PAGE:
The Crucial Pivot

When I wrote the Cherry Mobile Omega HD 2.0 review, I was feeling a lot of frustration with the popular local tech bloggers at the time. My main motivation for writing that review was the thought that there was finally a great Android smartphone made by a local company, and it seemed that no one had acknowledged it yet. After writing the review, I went to a couple of online forums to sort of promote it, kind of half-heartedly. But even with such little effort, my review blew up. It received tens of thousands of views over the next couple of months, and it got more than 100 comments on it.

That post single-handedly put Semi-Current on the map.

It didn’t take long for Cherry Mobile itself to notice the popularity of my post. And they reached out to me through email to send me units for me to review. I went through one phone after another after another. And before I knew it, Semi-Current had become one of the top local sources for not only Cherry Mobile news and reviews, but also info on other gadgets and electronics.

I really have to thank Cherry Mobile here, because back then, even though I had already been writing on a couple of international tech blogs, covering important tech news stories, and even breaking some high-profile and hotly covered scoops, I was a complete nobody in the local tech blogging scene. Maybe a few people heard of my name here or there, but I had no friends, no affiliations. I was just some guy with a blog and I did things on my own. Cherry Mobile helped open the door for me to exploring all the possibilities in the tech blogging space here in the Philippines.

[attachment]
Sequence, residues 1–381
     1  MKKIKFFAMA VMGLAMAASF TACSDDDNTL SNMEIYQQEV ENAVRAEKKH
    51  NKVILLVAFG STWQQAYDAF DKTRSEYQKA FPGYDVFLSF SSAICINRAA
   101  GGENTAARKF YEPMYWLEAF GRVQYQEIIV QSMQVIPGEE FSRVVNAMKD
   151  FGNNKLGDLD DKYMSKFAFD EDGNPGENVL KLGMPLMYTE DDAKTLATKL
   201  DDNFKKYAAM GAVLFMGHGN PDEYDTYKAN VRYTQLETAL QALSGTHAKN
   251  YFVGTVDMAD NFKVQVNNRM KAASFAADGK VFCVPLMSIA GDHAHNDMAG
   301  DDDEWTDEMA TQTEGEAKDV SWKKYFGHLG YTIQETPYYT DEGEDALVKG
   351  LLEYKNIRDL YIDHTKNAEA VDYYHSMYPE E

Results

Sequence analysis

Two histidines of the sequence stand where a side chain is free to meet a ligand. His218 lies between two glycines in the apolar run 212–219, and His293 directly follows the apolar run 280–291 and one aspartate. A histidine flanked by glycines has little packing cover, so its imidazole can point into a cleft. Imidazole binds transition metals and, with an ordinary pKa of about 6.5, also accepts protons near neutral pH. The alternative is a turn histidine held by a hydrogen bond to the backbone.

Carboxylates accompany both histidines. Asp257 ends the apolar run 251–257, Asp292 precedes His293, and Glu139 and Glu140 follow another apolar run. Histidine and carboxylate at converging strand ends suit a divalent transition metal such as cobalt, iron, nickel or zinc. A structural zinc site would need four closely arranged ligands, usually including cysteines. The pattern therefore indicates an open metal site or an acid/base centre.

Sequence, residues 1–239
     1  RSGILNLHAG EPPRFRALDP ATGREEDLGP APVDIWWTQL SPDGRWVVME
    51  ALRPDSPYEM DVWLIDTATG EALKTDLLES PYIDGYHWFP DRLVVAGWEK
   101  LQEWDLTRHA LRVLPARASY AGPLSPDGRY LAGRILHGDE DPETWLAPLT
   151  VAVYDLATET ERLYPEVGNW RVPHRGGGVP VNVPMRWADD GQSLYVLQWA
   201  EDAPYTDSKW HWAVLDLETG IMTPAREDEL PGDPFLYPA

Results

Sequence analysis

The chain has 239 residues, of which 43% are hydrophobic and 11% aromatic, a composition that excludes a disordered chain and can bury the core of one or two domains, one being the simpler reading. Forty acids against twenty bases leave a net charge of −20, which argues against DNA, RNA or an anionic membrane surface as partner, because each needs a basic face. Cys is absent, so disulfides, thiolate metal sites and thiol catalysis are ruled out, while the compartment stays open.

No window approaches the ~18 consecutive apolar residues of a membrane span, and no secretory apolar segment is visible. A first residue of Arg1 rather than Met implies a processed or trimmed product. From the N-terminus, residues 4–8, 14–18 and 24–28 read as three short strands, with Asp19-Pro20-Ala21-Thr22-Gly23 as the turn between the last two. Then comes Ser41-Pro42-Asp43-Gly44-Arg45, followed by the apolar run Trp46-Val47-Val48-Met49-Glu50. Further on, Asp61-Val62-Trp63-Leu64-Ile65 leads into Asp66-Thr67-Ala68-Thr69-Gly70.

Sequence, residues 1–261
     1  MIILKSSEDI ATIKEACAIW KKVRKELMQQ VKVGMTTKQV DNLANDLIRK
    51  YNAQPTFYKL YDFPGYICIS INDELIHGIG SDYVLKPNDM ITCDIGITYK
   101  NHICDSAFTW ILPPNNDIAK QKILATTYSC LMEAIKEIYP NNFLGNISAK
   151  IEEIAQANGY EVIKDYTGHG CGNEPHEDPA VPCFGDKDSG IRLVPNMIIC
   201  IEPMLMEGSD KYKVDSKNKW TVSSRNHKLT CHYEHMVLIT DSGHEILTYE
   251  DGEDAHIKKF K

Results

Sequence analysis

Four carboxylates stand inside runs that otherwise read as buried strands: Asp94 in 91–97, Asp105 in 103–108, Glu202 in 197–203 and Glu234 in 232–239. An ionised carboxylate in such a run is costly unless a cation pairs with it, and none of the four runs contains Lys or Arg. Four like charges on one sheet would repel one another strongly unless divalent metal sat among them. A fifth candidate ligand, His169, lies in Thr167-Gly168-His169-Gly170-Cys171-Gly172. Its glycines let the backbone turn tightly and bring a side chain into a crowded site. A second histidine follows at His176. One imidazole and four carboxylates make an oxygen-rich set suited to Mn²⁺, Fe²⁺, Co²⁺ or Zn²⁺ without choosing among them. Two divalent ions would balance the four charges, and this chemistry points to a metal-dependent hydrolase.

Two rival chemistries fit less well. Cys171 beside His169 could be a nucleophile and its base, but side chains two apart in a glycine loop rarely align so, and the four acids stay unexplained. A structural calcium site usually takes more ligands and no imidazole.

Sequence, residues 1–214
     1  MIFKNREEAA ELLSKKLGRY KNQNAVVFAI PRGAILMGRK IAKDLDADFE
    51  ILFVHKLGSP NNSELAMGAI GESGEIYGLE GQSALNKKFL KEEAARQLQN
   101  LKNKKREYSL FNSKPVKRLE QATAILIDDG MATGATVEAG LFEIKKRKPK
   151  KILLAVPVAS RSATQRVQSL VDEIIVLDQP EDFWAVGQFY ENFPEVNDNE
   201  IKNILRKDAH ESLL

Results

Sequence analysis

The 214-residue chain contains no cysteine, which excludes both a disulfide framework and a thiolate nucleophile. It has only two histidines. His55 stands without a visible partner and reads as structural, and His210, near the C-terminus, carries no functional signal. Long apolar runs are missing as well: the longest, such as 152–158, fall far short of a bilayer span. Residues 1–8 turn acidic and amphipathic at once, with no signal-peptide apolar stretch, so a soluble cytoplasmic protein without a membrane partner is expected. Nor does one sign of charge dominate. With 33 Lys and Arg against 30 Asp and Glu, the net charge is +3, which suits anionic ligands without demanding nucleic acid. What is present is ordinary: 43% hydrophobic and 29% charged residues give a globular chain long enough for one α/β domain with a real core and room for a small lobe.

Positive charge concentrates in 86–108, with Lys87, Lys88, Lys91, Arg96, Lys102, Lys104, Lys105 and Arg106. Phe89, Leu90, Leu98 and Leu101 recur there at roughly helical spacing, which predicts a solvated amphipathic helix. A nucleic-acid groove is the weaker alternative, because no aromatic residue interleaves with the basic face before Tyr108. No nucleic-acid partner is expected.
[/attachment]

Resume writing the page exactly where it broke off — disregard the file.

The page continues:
By August 2014, after about a year of non-stop tech blogging and reviewing phones and other gadgets, I had finally proven that there was a place for Semi-Current in the avid tech news reader’s daily reading list. Apart from reviews and daily news stories, I also produced a number of how-to articles, which were received quite well by readers and even mere passers-by. All told, Semi-Current was well on its way to becoming the top local tech blog in the country.

That was when things started to go downhill for me.

All The Wrong Things

For one reason or another, I started getting close with other local tech bloggers. Of course, it isn’t unusual to get acquainted and eventually more familiar with people with whom you spend a lot of time as part of your job. As I covered more and more local tech events, I spent more and more time with certain individuals. A lot of it was just for small talk and other random non-sense, but then I started receiving offers of work.

When I say work here, I mean collaboration. I was slow, but I was producing high-quality work here at Semi-Current. I started making money from advertisements and sponsorship deals. I didn’t need to work with, much less for, anyone.